101. NUISANCE-Injunction.-An Injunction at the suit of a landlord who lived in the nearest one of the group of houses which he rented, against the maintenance of an adjoining stable as a nuisance which detracted from the rental value of his property, is not erroneous as being designed to protect his tenants, who were not parties ior relief.-KASPAR V. DAWSON, Conn., 42 Atl. Rep. 78.
102. NUISANCE-What Constitutes.-A garbage furnace, erected in a city, under the provisions of an ordinance thereof, in the most unobjectionable place that could be selected within the city limits, and constructed on the most scientific principles, is not a public muisance because it may be an annoyance to some of the per sons living in its vicinity.- FISHER V. AMERICAN REDUCTION CO., Penn., 42 Atl. Rep. 36.
103, OFFICERS-Arrest Warrant.-An officer may, within his county, arrest without a warrant for a past felony (though committed in another county), one whom he knows to be accused thereof, or whom be has reasonable cause to suspect; 2 Ballinger's Ann. Codes & St. $ 6869 (1 Hill's Code, $ 1557), permitting the magistrate to indorse on a warrant authority to arrest on receipt of telegraphic copy, being permissive, and not restrictive.-STATE V. SYMES, Wash., 55 Pac. Rep. 626.
104. PARENT AND CHILD – Life Support - Deed.-A deed by a father to child in consideration of support may be rescinded by the father, where the grantee mortgages the land.-PAYETTE V. FERRIER, Wash., 55 Pac. Rep. 629.
105. PARTNERSHIP.-Where persons were engaged in raising wheat, contributing to the business, and shar. ing the losses and profits, a partnership existed, though there was no evidence of what the intent of the parties was.-HART V. HIATT, I. T., 48 S. W. Rep. 1038.
106. PARTNERSHIP-Actions-Limitations.-An action was commenced against two of three partners, and subsequently an amendment was filed making the third a party, but between the time of the commencement of the action and the filing of the amendment limitations ran in favor of the latter partner, who was discharged. Held, that his discharge did not affect the liability of the others.-HARRISON V. MCCORMICK, Cal., 55 Pac. Rep. 592.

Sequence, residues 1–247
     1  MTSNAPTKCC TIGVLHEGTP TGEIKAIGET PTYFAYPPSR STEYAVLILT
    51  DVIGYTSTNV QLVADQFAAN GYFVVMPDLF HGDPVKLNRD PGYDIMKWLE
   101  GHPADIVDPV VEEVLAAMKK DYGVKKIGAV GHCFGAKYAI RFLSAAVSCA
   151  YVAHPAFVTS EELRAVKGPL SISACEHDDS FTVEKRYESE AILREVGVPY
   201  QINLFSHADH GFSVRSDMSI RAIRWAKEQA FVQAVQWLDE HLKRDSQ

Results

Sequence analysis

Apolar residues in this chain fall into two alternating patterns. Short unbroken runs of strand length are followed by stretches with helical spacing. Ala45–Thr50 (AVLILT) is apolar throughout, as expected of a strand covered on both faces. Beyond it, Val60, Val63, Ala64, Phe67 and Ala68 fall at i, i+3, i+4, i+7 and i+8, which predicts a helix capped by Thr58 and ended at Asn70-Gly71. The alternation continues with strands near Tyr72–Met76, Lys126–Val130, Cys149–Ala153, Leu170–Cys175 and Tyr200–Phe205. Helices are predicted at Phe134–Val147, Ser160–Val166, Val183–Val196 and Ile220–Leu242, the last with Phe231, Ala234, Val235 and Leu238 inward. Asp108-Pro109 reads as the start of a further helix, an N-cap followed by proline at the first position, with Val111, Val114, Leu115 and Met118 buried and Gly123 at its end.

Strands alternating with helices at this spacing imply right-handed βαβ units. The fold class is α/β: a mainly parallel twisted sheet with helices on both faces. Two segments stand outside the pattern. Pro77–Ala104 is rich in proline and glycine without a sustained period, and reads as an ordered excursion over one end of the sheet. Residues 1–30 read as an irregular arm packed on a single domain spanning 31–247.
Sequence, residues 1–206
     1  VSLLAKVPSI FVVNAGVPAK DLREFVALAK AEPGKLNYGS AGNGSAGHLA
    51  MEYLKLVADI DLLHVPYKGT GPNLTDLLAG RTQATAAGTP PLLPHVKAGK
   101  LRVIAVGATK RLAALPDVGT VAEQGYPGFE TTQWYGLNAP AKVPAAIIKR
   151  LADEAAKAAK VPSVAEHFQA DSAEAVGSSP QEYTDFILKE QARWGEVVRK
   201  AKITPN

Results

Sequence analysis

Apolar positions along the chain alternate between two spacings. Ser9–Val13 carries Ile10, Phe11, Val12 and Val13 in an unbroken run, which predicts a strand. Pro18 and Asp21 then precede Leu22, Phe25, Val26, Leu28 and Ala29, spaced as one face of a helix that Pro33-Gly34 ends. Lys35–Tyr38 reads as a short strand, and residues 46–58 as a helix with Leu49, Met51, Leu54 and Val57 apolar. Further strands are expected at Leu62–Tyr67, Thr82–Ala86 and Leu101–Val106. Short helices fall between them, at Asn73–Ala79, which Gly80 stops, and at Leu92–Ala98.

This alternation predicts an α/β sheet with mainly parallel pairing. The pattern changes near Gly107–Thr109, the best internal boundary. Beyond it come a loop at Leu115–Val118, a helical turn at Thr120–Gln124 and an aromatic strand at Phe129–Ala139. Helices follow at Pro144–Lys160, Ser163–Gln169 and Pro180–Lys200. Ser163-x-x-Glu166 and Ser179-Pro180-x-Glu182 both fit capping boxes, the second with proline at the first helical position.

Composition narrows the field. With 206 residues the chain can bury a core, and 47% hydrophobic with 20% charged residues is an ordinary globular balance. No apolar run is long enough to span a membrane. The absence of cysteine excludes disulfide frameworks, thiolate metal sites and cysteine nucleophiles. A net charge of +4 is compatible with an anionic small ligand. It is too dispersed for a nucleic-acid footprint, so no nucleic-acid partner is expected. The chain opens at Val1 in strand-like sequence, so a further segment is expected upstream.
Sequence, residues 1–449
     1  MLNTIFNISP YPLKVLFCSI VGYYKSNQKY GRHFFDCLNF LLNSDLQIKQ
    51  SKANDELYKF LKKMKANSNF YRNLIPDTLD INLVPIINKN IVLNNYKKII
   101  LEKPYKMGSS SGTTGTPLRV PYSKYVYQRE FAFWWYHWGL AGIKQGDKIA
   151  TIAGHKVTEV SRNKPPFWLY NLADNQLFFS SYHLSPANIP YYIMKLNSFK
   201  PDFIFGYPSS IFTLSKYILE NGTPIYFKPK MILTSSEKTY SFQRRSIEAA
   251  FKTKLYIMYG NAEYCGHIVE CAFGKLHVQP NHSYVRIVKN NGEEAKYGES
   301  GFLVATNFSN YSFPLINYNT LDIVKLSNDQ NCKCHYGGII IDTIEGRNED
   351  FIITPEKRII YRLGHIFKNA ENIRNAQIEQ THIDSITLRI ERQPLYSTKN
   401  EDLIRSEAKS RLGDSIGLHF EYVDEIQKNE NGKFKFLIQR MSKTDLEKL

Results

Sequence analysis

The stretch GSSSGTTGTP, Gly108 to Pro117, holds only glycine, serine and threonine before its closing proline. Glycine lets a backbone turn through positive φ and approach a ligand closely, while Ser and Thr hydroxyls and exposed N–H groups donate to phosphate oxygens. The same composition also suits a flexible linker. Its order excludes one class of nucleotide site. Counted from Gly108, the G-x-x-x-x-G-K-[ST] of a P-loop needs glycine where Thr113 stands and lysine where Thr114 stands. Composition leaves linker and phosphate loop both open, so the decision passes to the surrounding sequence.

107. PARTNERSHIP Instructions.-In an action against defendants, as co-partners, where the alleged co-partnership was established by a written agreement between them, and the only issue remaining was as to whether their contract had been abrogated by a subsequent parol agreement, it was error to give an instruc. tion as to what constituted a co-partnership with reterence to a participation in the profits, as it tended to mislead the jury.-ASHENFELTER V. WILLIAMS, Colo., 55 Pac. Rep. 734.
108. PAYMENT – Application-Set-off.-Where defend. ant was liable on two notes held by a bank, on one of which he was surety, and of the other a maker, and forwarded money to the bank, with instructions to apply it on the note of which he was maker, and the bank notified him that it would apply it on the one on which he was surety, and he thereafter paid the balance of such note, he ratified the action of the bank in apply. ing the payment to such potes.-CITIZENS' BANK v. CAREY, I. T., 48 8. W. Rep. 1012.